If you have a good idea of what you’ll be doing and when, it makes it FAR easier to plan other meetings/events. Since one of the themes in today’s marketplace is volatility, it certainly carries over to schedules. I started with the urgent, sent out notes on just the top few and slowly added the rest as I was able to confirm time frames. This process typically works really well; however, as meetings move around, it leaves me with a new appreciation for the value of scheduling in creating efficiency.

One tip to implement this week:

My clients typically have a lot of events on their daily calendar; thus, it is worth thinking about time management and how it can be improved. Start by looking out a week at a time and see how you’ve filled your calendar. If you’ve scheduled back-to-back meetings, you’ll likely “fail” somewhere along the line as perfection doesn’t exist in meeting start and end times. Instead, schedule into your calendar time in-between meetings. I realize this could be a real challenge but since you’ll have to prioritize anyway when a meeting veers off-schedule, it is a good idea to think about it upfront.

Also, take a look at transition points between one day or one week or one month to the next. Simple things can be very confusing depending on how you review your calendar. Are you looking to see if you have to be in another facility, state or country next week? If so, you need to plan in travel time. Is there anyone you need to communicate with prior to, during or just after a transition point?

Following just these two suggestions can give a lift to your efficiency as your calendar falls into place. With that said, we are all dependent on other meeting participants, and so remember to communicate!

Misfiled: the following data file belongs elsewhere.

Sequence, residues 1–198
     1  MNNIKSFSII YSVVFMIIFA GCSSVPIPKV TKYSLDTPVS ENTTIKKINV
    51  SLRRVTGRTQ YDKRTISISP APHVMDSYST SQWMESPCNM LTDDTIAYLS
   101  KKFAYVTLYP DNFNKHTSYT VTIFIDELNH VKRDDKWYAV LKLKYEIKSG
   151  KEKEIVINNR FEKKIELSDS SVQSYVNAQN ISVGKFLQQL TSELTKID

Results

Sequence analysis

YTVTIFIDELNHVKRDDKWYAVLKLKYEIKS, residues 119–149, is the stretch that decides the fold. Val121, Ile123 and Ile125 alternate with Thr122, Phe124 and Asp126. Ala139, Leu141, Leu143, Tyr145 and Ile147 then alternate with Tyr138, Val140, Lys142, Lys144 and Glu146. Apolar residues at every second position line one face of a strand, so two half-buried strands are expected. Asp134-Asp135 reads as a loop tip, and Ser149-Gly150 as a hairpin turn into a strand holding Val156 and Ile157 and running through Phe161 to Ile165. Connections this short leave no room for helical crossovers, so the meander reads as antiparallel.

Looking for more ideas to keep your supply chain connected? Access more tips and resources on my blog. And keep connected by subscribing to my newsletter and email feed of “I’ve Been Thinking…”


Cherry Blossoms & The Value of Time

April 20th, 2015

supply chainI was in DC this week for a conference. My theme last week was on continuous learning, and I put that into practice this week. Walked away with several ideas. It just so happens to be “cherry season” in DC. This is what got me thinking about time because the cherry trees are beautiful but only in blossom and last for 10-14 days. How ridiculous is that? Talk about a condensed tour season for cherry blossoms! Perhaps that’s why all the hotels were booked….

Thus, cherry trees made me think about the impact of time in our work life as well. If there is one common theme I hear from executives, it is that TIME matters – there isn’t enough time in the day; customers are demanding quick deliveries; month-end close must be rapid for quick decision-making, etc. I guarantee if you take too long to make decisions, you will miss opportunities. When you are 80% ready, GO! Sure, sometimes you’ll be wrong but you’ll gain many more successes that would be missed opportunities than you’ll experience in failures.

One tip to implement this week:

The nice thing about time is that it is not a resource; it is a priority. We cannot increase or decrease the number of hours in a day; however, we choose where we spend our time – a priority. Thus, one easy tip that might be hard to implement is to stop whining about the lack of time!  Instead, think about where you are spending your time. Even track what you are doing for a day – hour by hour.

Did you waste much more than you thought? Reallocate your time to what will drive results – your A tasks. Ignore your C’s – you might never get to them; however, wouldn’t it be better to miss a C than an A because you started with what was easy vs. what should be your priority? Also, consider this: Find a non-essential activity you can cut 15 minutes from on a daily basis. It will be pretty easy if you create that hour-by-hour log. If you do that for a year, you’ll have found 91 hours!

Looking for more ideas to keep your supply chain connected? Access more tips and resources on my blog. And keep connected by subscribing to my newsletter and email feed of “I’ve Been Thinking…”